If you have a dedicated Fan page for your business, then I’d encourage you to get as many fans as possible. Now whether it is a good idea to have a dedicated Facebook page for your direct sales business, is a subject for another post. For now, I’m just saying if you have Suzy’s XYZ Independent Consultant Fan Page, I wouldn’t attempt to restrict who joins.
However for now, I am not referring to a Fan page, but rather to your personal Facebook page. I have strong feelings about how much personal information you should choose to share if you’re also trying to market your business on the same page, but again that’s another post.
Back to the focus of today – is it a good idea to befriend downline members on your personal Facebook page? Two schools of thought:
#1 Yes, good idea. Why? Because we’re all one big happy family and I want to share my life with those on my team and I want them to get to know me better. I may be their leader but I’m a person first and they should get to see the good, the bad and the ugly about me. Everyone on my team is a new friend and we’re just like sisters.
Plus I want to see what they’re up to, and I want them to see how I market my business. It’s just a great idea.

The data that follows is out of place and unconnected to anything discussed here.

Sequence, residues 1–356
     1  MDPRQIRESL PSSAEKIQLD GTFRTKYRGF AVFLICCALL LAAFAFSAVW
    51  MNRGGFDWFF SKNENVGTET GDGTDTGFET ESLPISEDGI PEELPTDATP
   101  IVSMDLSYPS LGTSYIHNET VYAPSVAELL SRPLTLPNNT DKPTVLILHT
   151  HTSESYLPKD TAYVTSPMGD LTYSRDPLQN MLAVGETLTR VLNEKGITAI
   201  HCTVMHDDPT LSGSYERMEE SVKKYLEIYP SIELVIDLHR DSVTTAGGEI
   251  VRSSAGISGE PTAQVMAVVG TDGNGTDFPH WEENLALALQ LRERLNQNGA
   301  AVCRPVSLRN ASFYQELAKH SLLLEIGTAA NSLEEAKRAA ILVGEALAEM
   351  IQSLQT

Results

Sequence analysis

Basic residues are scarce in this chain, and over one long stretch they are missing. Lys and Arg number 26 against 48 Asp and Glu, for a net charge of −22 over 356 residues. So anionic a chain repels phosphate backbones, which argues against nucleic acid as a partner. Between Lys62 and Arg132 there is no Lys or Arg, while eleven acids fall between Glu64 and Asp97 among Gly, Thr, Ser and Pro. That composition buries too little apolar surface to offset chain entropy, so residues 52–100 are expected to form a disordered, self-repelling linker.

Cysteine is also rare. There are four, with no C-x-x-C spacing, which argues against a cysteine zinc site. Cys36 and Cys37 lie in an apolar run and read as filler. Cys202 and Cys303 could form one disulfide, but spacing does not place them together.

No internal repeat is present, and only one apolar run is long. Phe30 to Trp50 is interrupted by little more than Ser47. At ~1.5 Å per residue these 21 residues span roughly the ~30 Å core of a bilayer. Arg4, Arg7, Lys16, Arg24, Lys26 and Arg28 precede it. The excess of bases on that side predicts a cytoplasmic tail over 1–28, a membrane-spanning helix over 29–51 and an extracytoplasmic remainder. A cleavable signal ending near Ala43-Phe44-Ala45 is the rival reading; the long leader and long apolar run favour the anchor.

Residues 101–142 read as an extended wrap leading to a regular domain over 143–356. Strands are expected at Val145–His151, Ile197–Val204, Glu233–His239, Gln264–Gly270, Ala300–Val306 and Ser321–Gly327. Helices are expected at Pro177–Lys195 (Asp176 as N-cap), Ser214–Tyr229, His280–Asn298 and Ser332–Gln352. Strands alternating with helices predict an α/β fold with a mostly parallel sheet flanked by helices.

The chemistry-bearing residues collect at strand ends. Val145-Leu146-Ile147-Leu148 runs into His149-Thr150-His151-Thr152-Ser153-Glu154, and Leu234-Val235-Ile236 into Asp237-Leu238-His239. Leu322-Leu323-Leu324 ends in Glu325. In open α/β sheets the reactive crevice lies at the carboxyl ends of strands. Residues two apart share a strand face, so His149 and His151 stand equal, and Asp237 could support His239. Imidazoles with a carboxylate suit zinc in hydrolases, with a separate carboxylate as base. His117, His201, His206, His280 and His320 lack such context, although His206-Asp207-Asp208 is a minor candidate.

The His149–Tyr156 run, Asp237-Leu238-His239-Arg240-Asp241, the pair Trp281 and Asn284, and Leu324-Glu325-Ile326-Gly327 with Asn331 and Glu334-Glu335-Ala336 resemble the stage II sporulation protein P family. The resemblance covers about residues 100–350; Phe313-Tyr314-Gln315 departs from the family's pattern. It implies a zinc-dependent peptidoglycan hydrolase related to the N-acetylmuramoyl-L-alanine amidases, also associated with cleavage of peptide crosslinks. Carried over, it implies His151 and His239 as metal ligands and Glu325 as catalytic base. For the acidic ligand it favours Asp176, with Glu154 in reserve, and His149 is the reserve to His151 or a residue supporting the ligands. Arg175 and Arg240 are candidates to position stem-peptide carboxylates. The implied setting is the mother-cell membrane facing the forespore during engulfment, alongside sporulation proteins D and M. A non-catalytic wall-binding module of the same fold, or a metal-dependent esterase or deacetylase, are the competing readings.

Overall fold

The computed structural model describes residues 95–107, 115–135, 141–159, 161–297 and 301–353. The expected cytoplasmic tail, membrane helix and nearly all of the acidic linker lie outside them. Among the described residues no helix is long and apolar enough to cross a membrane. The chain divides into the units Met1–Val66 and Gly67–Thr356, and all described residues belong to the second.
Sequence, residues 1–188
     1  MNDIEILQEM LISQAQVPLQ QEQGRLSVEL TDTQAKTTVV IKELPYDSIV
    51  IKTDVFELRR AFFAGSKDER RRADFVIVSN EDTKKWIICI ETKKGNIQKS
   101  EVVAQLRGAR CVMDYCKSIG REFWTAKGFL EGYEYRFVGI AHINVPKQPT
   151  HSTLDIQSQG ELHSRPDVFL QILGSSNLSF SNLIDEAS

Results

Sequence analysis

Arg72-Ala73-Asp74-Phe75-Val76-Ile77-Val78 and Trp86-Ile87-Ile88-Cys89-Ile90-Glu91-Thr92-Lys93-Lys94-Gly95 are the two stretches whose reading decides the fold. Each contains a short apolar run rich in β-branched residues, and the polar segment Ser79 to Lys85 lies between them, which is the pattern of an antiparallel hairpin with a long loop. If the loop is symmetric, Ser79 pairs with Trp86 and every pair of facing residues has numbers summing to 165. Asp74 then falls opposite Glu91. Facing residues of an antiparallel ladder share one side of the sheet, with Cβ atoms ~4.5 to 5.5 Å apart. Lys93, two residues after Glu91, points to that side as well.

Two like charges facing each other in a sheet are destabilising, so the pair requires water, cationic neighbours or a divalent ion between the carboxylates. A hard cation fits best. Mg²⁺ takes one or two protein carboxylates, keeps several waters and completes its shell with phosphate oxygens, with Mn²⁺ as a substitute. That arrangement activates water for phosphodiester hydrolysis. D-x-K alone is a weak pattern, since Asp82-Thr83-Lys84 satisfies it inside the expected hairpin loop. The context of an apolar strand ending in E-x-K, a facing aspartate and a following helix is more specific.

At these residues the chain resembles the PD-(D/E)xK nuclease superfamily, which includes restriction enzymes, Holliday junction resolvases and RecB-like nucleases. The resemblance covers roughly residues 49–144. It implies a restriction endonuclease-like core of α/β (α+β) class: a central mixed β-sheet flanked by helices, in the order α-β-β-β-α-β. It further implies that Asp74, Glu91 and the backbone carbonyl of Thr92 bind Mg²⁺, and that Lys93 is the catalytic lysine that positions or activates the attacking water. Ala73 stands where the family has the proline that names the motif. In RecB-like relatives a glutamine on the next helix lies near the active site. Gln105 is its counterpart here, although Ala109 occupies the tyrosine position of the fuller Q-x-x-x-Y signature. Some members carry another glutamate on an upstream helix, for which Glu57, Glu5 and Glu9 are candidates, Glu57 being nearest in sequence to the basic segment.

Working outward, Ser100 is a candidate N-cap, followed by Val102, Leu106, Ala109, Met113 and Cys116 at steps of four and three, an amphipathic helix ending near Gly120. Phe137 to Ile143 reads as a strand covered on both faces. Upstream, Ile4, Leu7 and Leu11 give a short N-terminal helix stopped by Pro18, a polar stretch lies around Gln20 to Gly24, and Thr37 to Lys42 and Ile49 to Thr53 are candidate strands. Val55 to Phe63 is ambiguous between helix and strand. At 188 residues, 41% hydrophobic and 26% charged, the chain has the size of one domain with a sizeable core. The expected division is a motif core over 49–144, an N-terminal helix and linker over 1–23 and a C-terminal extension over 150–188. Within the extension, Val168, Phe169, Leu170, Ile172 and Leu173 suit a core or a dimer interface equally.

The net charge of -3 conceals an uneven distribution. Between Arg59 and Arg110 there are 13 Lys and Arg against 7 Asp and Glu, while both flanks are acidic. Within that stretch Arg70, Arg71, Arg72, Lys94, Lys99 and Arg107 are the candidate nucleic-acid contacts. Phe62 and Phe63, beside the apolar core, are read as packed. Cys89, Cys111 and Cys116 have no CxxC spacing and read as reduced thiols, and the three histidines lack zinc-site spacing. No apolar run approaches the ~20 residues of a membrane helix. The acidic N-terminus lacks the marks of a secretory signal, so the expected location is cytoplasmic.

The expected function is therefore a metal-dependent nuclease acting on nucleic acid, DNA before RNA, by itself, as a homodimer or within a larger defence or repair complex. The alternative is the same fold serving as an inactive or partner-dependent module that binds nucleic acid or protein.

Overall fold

#2 No, bad idea. Why? Because if you’re truly running your business like a business, and if you are a leader, especially if you have a large organization, then you need to be able to have some time when you’re not ‘on the clock.’ Just because you may work out of your home, doesn’t mean you need to be accessible to your downline 24/7. If you’re on Facebook, and if you opt to befriend your downline, they can hit you up on chat and distract you from what you were doing while you are ‘on your own time.’
Maybe your friend list on Facebook truly is just that – friends. Maybe you want to be a little silly or crass or bitch about something that happened … to your friends. What if you were to post something like “kickin’ back with a glass of Merlot and watching TV.” Certainly nothing wrong with that, but what about the consultant who sees that then thinks, ‘here I am out busting my butt, and she’s just on easy street making all this money off of ME?” Of course leaders know that is not even close to reality, but that is certainly a perception truly exists out there.